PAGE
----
#MeToo, Shakespeare...

7th graders are a frustrating mix: cute and innocent, still tooling around in a vestige of their child-like elementary school likenesses, yet beginning to experiment with peer groups, risk taking, and pushing boundaries. Each year, they transform before my eyes from meek, curious mice into bold go-getters (for better or worse). The trouble is, as they begin to stretch their legs and claim morsels of independence, they don't often apply critical thinking to their decision-making process.

It was the third week of my Shakespeare unit this year when a gaggle of students came up to me after class. They had worried, conflicted looks in their eyes--a look I know all too well. It was the look students get when they want to report something that has happened among their peers, but they don't want to be labeled the "snitch" or the "tattletale" of the group. They informed me that one student in my class was directing a group of young boys to form a circle around an unsuspecting 7th grade girl in the hallway. Then he was encouraging everyone in the circle to touch or grab any part of the surrounded girl they wanted. And no, they weren't asking her permission.

The situation exploded from there. Aside from having hallway security camera footage of this happening right near my classroom door, I had a handful of other students privately report similar stories of this student pushing boundaries. "He touches my legs under the table during science class," one student told me. "I was just standing in the lunch room, and he came up and touched me," another reported. In following up on this situation with counselors and deans, more and more students' stories were unearthed. It was a #MeToo movement unfolding right before my eyes.

I felt crushed. I felt furious. I felt powerless, in a strange way. Even though I had connected students with the necessary parties to sort through the situation and deliver appropriate consequences to each participant, I still couldn't believe this had happened to my own students. After all, it was first and foremost my job to protect my students in my classroom--especially in a city like Chicago, where my students' lives are constantly under threat of gun violence, domestic violence, etc. For most of them, school is the safest place they have access to.

The next week, I set aside my anger to the best of my ability and continued forward with my Shakespeare unit. Our close reading passage for the week was Shakespeare's Sonnet 18, which is set down here for your convenience:

     Shall I compare thee to a summer’s day?
     Thou art more lovely and more temperate:
     Rough winds do shake the darling buds of May,
     And summer’s lease hath all too short a date; 
5   Sometime too hot the eye of heaven shines,
     And often is his gold complexion dimm'd;
     And every fair from fair sometime declines,
     By chance or nature’s changing course untrimm'd;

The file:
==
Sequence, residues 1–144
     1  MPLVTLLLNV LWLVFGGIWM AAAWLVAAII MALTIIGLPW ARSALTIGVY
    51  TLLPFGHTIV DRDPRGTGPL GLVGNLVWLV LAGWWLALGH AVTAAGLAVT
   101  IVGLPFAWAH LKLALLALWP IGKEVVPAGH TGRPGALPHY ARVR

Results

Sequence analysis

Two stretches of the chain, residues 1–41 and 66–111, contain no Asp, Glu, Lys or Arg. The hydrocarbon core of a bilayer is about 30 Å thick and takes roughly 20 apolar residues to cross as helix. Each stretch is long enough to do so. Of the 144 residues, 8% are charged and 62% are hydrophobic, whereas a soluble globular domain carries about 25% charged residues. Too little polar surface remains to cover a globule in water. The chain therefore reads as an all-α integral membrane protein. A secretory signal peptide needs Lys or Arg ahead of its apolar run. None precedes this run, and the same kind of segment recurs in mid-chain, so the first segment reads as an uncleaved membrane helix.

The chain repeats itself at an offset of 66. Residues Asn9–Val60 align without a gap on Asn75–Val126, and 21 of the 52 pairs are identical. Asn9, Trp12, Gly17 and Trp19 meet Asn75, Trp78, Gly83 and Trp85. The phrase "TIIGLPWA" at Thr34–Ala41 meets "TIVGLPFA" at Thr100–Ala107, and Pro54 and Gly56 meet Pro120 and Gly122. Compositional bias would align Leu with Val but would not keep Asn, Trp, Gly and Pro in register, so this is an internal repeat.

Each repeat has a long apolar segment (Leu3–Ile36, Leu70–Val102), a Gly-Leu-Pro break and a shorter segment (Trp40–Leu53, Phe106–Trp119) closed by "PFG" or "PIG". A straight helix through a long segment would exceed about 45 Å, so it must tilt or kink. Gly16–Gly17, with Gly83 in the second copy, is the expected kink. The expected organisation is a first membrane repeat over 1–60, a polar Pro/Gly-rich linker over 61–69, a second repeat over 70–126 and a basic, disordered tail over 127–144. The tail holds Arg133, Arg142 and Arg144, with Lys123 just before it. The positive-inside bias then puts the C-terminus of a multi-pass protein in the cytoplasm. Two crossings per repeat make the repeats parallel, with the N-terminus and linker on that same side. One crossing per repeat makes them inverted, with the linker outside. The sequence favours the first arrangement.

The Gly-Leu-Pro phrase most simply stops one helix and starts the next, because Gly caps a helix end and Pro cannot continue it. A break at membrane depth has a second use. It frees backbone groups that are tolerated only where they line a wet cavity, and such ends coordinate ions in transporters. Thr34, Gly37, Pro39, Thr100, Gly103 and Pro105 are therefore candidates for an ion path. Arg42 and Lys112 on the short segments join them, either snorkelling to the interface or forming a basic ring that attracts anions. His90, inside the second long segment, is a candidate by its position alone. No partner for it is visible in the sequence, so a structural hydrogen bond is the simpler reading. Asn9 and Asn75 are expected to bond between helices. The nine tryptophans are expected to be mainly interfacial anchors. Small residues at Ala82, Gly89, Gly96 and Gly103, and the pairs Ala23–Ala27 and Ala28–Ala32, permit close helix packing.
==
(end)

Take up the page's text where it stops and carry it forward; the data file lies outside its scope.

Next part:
But thy eternal summer shall not fade,
10 Nor lose possession of that fair thou ow’st;
     Nor shall death brag thou wander’st in his shade,
     When in eternal lines to time thou grow’st:
     So long as men can breathe or eyes can see,
     So long lives this, and this gives life to thee.

There are many interpretations of this sonnet--and all of Shakespeare's sonnets. The first, and most obvious, is that it is simply a love poem. Petrarch would be proud, considering the poem's expression of "problematic desire" (often written in the form of unrequited love, though not in this case). Instead of lusting after the unattainable "Laura," however, the poet instead finds himself conflicted with the best comparison he can make for the object of his love. The second and perhaps most mind-blowing interpretation is that Shakespeare wrote it as a eulogy (perhaps for his deceased son, Hamnet?). Of course, that's the beauty of the sonnets--no matter how many times we read them and form new interpretations of them, they are just never quite what they seem.

For the sake of the interpretation I'll present here, we must assume that the speaker is wooing someone. My students assumed that the speaker was a straight man wooing a straight woman, and I allowed this heteronormative assumption to remain only because of the conflict my students had experienced the previous week.

The first thing I pointed out to my students is that this sonnet begins with a question. "Shall I compare thee to a summer's day?" One of my most vocal students, a female, shouted, "YES!" as soon as I read the first line. We all laughed, but this opened up an important conversation: What was the lady's reply? The students reasoned that, if her answer to the poet's question was "No," the poet would not have continued writing the rest of the sonnet. Therefore, her answer must have been "Yes," and thus the poet continues. Just like that, we were discussing consent in the classroom. We discussed boundaries and how, while expressing your feelings is always positive, one must make sure the party you are expressing them to is willing and comfortable with the means in which you express yourself. The best way to make sure of this is simple: just ask.

Well Shakespeare, the first line of your sonnet directly led to an important discussion about consent, boundaries, respect, and relationship dynamics. Could the rest of the sonnet be just as poignant?

Let's look at line 7, which comes just before the conflict in the poem shifts from the speaker struggling to find something even better than summer to compare his love to, to his assurance that his love for her and all of her qualities is eternal. Line 7 reads, "And every fair from fair sometime declines." This line is tricky to decode for students and teachers alike. The word my students focused on was "declines."